Thursday, January 18, 2007

The reason your grandmother cannot afford her heart medication.

I confess: Last night, I was unable to pass up dinner at Onotria...paid for by Genentech.

There were numerous reasons to attend:

1) Free wine country cuisine
2) An update on the treatment of NSCLC (not exactly my area of expertise), featuring Avastin and Tarceva
3) Something to do on Rainbow Night

I had sworn off big Pharma dinners for the last year, or so. Not for any moral or idealogical reasons, mostly because the lectures are usually boring (and no longer seem to be worth any continuing education). Also, as I remembered last night: no matter how nice the restaurant is, if you are dining with a party of 40, it will taste like the food at your cousin's wedding.

What I had not expected over dinner: Scolding from the oncologist sitting across from me. I think ICE oversold our job a little, causing him to think we're making life and death decisions about his patients. "Someone's got to do it", I replied, smiling. He was a little hard to understand, and after arguing with ICE all day, I really had no fight left in me.

In retrospect, "Someone's got to do it" was not that bad a response. In pretty much every country other than ours, the government 1) sets prices, and 2) decides which drugs they will pay for. I am not suggesting that either is a good idea, but someone has to do it. In this country, we rely on private industry to be the bad guy. Why is this necessary? Because a 30 day supply of Tarceva costs pretty close to $3000. Not bad to extend your life for two months, you say. Maybe not, but you have to take it for 10 months ($30,000) to see that benefit. And that's just Tarceva, I cannot even calculate how much the Avastin would cost for those extra two months.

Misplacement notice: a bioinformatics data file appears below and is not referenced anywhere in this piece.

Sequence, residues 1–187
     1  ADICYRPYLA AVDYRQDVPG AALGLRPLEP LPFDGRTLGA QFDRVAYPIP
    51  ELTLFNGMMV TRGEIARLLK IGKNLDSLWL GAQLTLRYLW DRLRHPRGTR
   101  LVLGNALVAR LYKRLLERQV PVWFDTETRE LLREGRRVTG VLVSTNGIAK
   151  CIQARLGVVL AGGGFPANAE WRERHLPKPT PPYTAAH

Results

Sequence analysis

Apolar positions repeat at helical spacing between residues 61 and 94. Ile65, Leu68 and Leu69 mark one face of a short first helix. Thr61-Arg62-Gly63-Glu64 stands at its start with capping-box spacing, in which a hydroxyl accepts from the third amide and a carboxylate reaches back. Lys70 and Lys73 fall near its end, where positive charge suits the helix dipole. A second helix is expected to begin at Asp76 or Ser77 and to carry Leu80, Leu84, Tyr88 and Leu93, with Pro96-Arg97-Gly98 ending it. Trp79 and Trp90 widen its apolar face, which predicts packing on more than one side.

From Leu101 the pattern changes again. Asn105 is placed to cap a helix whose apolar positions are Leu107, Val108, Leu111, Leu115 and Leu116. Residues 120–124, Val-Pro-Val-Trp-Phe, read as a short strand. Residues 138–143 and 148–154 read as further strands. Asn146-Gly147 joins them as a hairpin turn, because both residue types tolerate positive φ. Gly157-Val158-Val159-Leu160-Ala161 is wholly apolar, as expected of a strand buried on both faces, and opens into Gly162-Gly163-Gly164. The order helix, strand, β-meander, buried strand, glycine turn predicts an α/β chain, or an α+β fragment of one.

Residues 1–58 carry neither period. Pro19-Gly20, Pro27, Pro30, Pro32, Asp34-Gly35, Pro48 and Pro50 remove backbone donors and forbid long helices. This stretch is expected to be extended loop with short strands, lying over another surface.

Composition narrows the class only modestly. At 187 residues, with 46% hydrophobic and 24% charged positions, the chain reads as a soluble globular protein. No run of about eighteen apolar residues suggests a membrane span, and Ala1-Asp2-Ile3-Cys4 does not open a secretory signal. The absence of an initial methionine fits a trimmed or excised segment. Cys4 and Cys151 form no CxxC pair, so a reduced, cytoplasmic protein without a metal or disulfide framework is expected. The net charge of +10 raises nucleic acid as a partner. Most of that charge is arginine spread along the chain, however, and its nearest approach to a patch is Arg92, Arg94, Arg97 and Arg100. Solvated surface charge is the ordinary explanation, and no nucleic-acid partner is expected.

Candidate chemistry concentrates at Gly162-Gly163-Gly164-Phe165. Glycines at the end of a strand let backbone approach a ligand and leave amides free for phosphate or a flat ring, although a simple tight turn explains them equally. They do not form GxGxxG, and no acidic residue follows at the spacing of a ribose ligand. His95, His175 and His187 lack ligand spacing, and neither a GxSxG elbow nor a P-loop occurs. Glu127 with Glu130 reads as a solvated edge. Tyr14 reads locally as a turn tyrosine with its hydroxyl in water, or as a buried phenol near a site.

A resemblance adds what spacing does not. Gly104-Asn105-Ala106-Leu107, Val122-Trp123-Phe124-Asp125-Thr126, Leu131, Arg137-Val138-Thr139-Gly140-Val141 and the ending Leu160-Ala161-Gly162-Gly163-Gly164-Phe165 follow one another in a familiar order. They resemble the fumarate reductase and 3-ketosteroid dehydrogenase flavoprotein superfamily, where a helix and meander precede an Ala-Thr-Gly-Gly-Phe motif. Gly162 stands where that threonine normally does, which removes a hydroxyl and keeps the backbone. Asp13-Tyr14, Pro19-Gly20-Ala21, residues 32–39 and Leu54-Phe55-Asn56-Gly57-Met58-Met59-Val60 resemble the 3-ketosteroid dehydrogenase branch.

Anyway, I guess I'll close with a joke. It's not a very funny joke, but it's sort of ironic, and sums up the American health system pretty well.

A famous surgeon presented his patient with a bill. The patient said, “I’m sorry but I cannot pay.”

The doctor then asked, "Can you pay half?” and the patient said, I’m sorry but I cannot pay that either.”

The doctor tried again. “How much can you pay?" ”Nothing" said the patient. The doctor was very upset and exclaimed, “If you couldn’t pay, then why did you choose me, the most renowned surgeon in the country to perform the operation. The patient answered, “ When it comes to my health, money is no object.”


Anonymous said...

You must be proud of your profession. Good for you.
I want to be a fasion designer. Too bad I can't draw.

Anonymous said...


Anonymous said...

I do not feel I was overstating our job. He had preconceived notions of insurance companies and formulary pharmacists and was a pompous face anyways. It was very strange for him to tell me how to do my job better. Anyways the food was horrible, I'm okay with not going to a CE again for Rainbow Night.

Michael Lasko said...

You're just mad because he asked if you were from China.

Anonymous said...

I hope no one ever calls me a pompous face.

Anonymous said...

Well I generally have 2 categories: nice and mean. This guys was generally nice but a pompous face. That's the only way I can describe him.

Anonymous said...

Oh. Let him die that way. Who cares.